New approach to silencing genes in the central nervous system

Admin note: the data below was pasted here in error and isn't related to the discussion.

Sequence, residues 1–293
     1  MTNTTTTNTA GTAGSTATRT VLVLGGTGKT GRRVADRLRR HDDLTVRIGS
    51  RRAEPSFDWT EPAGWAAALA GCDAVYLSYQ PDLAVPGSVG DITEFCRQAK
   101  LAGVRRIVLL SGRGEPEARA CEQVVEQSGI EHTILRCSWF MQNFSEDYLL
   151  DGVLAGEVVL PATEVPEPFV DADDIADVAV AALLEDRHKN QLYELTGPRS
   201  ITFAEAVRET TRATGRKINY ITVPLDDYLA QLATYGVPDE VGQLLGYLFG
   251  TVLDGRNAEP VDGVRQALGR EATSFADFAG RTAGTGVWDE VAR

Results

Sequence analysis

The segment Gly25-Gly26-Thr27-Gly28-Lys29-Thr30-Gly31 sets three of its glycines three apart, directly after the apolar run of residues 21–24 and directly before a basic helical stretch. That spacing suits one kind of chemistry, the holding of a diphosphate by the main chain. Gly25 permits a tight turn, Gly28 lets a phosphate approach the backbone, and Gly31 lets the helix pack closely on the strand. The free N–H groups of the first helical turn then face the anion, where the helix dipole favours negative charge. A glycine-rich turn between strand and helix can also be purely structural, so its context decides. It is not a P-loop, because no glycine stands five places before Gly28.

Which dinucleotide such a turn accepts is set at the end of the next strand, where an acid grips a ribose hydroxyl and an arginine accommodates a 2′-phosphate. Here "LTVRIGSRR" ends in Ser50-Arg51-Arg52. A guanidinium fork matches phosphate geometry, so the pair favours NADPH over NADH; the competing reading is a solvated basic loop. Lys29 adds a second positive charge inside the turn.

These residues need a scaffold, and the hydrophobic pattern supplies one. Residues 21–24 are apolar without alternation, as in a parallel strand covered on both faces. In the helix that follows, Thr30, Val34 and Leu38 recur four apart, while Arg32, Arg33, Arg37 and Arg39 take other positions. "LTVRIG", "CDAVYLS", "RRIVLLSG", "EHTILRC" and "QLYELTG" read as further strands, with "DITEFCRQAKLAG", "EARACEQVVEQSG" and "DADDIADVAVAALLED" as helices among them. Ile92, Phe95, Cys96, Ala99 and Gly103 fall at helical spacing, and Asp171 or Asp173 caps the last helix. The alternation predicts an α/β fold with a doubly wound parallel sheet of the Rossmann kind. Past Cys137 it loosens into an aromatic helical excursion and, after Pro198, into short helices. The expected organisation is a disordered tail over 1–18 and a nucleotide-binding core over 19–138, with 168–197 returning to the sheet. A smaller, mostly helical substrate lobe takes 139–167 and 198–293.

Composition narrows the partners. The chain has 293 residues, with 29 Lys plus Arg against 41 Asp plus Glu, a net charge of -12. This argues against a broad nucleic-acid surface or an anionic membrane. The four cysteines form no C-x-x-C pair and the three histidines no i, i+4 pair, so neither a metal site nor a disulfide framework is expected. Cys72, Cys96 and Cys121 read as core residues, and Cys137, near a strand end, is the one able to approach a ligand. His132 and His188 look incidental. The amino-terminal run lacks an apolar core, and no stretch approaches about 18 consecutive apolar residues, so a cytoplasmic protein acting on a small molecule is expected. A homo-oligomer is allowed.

With an excited puppy, being able to calm it down is essential to keeping things under control. In the same way, hyperactive genes – the molecular starting points for all the material in our body – sometimes need subduing. One of the body’s tools for this is RNA interference – a trick that uses strands of RNA (genetic material similar to DNA) to quell gene expression. Researchers looking to replicate that technique use ‘small interfering RNA’ (siRNA), but have so far been limited to certain areas of the body. Now a new approach has modified their structure to make them linger longer when introduced to the brain (shown here in red within the blue-stained hippocampus cells of a non-human primate). Injected siRNAs blocked the activity of huntingtin in mice, the gene that causes Huntington’s disease, raising hopes that this approach to genetic tinkering will lead to new treatments for neurological disorders.
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